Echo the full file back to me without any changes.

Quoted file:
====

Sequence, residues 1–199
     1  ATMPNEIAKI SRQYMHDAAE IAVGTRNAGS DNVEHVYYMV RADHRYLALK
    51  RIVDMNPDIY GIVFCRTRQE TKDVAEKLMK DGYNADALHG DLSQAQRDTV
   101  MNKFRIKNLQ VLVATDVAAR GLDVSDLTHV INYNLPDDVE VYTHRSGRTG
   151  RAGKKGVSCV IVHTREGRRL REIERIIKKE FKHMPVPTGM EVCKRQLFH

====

Sequence, residues 1–199
     1  ATMPNEIAKI SRQYMHDAAE IAVGTRNAGS DNVEHVYYMV RADHRYLALK
    51  RIVDMNPDIY GIVFCRTRQE TKDVAEKLMK DGYNADALHG DLSQAQRDTV
   101  MNKFRIKNLQ VLVATDVAAR GLDVSDLTHV INYNLPDDVE VYTHRSGRTG
   151  RAGKKGVSCV IVHTREGRRL REIERIIKKE FKHMPVPTGM EVCKRQLFH